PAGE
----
Friday, July 26, 2013

Providing or promising a reward for student-athletes is a crime in a number of states: Shawn Carter (Jay-Z) must be careful.

In the past few days, stories broke that the rapper Shawn Carter (a/k/a "Jay-Z") is cavorting with University of South Carolina defensive end, Jadeveon Clowney. Clowney is projected to be the number one pick in next year's NFL Draft, and is famous for this hit. Although the University said Clowney did not violate NCAA rules by speaking with Carter, the rapper should be careful about his dealings with college athletes. Carter just recently became a sports agent, and his visibility may work against him if continues to meet with college athletes while they are still eligible with their schools.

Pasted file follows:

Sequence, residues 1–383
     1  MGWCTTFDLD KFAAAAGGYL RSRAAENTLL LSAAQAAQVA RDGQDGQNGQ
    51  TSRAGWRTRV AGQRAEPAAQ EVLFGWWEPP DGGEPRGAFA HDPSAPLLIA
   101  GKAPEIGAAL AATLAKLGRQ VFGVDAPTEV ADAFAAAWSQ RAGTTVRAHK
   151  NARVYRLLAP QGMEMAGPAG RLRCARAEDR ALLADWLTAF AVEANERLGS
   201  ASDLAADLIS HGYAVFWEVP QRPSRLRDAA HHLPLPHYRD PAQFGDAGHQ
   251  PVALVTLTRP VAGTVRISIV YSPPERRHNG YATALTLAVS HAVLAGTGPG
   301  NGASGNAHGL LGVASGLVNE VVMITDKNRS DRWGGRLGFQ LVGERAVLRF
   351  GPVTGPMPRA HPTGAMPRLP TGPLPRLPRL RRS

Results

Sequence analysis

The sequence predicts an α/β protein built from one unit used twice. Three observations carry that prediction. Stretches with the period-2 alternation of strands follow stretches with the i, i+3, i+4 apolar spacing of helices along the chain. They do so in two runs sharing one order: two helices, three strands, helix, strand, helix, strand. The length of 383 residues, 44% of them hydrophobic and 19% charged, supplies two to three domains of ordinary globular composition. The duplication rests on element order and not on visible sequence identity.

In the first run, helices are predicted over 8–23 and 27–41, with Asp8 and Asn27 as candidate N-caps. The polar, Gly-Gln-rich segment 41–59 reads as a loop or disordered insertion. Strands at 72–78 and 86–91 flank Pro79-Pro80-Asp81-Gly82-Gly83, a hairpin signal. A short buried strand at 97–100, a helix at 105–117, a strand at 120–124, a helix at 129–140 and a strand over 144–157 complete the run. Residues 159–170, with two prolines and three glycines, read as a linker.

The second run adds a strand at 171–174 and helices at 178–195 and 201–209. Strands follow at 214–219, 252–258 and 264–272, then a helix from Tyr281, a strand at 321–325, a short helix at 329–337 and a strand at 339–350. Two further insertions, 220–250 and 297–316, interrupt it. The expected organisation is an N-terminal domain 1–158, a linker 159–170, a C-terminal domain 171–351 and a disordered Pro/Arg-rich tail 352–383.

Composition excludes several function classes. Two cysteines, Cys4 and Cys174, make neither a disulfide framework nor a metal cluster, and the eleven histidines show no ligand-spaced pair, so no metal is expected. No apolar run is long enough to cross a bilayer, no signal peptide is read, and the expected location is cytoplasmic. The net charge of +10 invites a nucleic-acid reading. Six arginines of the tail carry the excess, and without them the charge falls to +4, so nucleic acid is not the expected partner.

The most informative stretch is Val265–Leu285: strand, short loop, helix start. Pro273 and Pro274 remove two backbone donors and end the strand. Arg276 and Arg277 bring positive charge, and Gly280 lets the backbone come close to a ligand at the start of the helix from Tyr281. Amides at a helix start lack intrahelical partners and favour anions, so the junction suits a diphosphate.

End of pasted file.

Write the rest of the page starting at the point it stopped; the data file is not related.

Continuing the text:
In a number of states, it is a crime to give student-athletes a reward for their performance. For instance, Iowa's law addressing the matter was enacted in 1988. Presumably, this was in response to the 1986 Iowa State recruiting scandal. Iowa is not unique. The state prohibitions are not easily enforced because of the veil of secrecy under which impermissible benefits are given, but Carter's visibility destroys that secrecy.

College athletes are undoubtedly attracted to Carter, and they risk becoming ineligible if they contract with Carter for future representation before their eligibility expires. But Carter risks criminal offenses if he runs afoul of the wrong school, and gives or promises anything to an athlete as a reward while eligible. Oral contracts are valid, so even if Carter and a prospective student-athlete do not put anything in writing, an agreement for future representation could be a crime.

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